I have always spent an inordinate amount of time worrying about what other people think. At best I imagined people found me boring, dull, quiet and plain – hardly someone you would want to spend time with. Plane Jane? Yep, that was me to a tee.
Added in 2015: I now appreciate that we each have something different to offer. What if we were all outgoing extroverts (I know I’m stereotyping here, for the sake of simplicity) – who would do the listening, the thinking, the considering? I can now be proud of the fact that I’m quiet, because it means I can give those close to me the space to talk, and they in return know I’ll listen. And surely the world needs more of this?
I spent a lot of energy trying to hide the fact that life could be terrifying, trying to put up a pretence of being “normal” while inside I was crying out for help. I felt like I was permanently on the verge of being “found out”. I survived for years by telling white lies to avoid situations I dreaded, or at best I’d stand counting down the seconds until I could leave.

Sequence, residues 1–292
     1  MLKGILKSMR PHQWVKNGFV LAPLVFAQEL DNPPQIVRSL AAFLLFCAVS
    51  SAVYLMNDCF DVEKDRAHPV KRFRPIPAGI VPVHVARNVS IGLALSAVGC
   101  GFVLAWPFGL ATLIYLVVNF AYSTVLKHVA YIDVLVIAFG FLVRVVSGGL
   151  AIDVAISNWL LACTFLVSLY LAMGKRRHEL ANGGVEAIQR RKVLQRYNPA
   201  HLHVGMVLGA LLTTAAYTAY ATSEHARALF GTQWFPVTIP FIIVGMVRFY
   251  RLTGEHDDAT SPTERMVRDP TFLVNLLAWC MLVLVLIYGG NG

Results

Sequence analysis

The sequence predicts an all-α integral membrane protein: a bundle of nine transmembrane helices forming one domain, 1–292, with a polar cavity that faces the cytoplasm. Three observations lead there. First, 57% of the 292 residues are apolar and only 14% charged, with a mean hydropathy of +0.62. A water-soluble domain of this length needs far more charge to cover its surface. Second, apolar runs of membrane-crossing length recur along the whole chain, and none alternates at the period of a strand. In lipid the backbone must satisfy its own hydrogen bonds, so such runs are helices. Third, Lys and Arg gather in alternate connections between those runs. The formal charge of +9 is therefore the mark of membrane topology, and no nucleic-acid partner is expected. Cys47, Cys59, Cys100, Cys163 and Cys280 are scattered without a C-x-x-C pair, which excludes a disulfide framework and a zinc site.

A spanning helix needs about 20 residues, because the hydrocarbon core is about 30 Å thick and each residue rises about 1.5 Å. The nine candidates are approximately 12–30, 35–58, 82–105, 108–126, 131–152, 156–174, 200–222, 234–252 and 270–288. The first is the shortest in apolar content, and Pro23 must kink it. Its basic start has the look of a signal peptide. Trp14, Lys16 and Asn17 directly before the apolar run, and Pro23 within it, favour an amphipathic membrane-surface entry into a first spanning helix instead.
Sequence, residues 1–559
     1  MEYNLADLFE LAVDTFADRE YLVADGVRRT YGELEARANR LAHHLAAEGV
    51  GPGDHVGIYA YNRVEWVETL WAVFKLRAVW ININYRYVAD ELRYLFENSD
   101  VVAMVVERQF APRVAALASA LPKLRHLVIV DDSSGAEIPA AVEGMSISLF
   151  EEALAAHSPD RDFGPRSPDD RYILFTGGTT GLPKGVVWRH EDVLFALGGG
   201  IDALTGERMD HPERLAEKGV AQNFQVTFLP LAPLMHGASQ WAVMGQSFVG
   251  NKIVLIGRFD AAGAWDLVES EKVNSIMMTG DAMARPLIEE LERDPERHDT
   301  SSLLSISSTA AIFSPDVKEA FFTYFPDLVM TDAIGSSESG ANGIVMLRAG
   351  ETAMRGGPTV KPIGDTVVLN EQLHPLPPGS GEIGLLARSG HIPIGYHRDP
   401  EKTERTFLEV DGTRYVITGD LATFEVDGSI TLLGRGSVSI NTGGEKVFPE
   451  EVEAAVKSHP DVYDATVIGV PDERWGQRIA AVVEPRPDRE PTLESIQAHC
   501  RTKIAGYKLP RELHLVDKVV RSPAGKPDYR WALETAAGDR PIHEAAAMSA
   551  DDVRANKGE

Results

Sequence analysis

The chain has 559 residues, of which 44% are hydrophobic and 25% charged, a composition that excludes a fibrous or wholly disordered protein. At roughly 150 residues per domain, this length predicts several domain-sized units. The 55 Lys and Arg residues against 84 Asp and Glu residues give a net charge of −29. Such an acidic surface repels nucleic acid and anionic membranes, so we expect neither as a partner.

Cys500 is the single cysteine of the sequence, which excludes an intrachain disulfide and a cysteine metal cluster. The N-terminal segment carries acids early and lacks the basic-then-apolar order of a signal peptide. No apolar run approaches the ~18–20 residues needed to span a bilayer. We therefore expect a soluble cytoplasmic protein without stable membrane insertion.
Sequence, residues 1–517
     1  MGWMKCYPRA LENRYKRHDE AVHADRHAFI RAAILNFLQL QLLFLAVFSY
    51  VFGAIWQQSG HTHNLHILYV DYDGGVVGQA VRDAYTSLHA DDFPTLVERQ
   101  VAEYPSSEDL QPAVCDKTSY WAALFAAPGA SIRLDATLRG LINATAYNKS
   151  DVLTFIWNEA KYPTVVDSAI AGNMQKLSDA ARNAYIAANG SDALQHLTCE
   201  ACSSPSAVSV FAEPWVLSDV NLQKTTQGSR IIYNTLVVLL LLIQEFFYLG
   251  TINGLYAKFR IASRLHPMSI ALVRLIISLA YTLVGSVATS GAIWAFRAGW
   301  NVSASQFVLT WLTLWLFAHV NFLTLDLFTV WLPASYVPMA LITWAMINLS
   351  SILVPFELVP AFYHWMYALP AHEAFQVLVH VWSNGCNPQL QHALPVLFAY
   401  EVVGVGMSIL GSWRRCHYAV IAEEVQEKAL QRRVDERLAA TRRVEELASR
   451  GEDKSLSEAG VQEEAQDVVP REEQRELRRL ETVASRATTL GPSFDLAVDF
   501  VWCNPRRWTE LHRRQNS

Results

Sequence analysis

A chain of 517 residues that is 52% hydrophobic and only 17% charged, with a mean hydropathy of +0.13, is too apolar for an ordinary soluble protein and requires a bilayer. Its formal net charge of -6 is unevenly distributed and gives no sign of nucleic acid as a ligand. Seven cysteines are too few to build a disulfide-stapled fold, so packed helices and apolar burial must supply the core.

I now know this to be classic avoidance behaviour, driven by the fear of situations that I couldn’t walk away from, but the knowledge didn’t make it any easier. I realised that what I really feared was fear itself, and countless self-help books explained that I needed to let the fear wash over me, but it was mindfulness that taught me how.
I felt like I was living a permanent lie, weighed down by so much pretence. The mask was getting less convincing, and I didn’t have the energy to keep it up any longer. People have said that what I did next was brave, but I think I was just tired.
I needed people to know the real me. I knew I needed tons of support and to get that support I knew I had to come clean. So I posted about my anxiety on Facebook, to everyone, no exclusions.
The response was overwhelming. Friends, family, colleagues and people I barely knew were all offering their support. Some of the strongest support came from the most unlikely places, from people who it turned out were also fighting their own secret battles, people I would never have guessed.
I had one message that I’ll never forget. A message from a guy I’d been to school with, someone I hadn’t properly been in touch with since. He had been struggling with anxiety for years (him? the popular kid? surely not!), and he wondered if I’d tried mindfulness? I hadn’t, but I was willing to give anything a go. Next thing I know, a book arrives in the post.
To be continued…